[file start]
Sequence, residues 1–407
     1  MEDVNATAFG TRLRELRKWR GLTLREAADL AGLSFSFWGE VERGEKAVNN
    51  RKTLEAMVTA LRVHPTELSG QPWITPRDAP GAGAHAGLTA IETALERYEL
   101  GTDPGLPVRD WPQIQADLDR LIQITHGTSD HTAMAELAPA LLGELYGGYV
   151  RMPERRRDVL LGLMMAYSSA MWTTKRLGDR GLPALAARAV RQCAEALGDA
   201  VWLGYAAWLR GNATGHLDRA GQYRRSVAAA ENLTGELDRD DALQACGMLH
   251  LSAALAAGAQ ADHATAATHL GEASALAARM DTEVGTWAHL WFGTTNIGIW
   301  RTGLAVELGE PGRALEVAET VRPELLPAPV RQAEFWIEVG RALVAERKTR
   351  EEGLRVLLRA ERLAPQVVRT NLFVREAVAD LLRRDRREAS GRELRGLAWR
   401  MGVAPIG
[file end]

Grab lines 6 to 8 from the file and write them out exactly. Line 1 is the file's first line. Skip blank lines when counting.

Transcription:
   201  VWLGYAAWLR GNATGHLDRA GQYRRSVAAA ENLTGELDRD DALQACGMLH
   251  LSAALAAGAQ ADHATAATHL GEASALAARM DTEVGTWAHL WFGTTNIGIW
   301  RTGLAVELGE PGRALEVAET VRPELLPAPV RQAEFWIEVG RALVAERKTR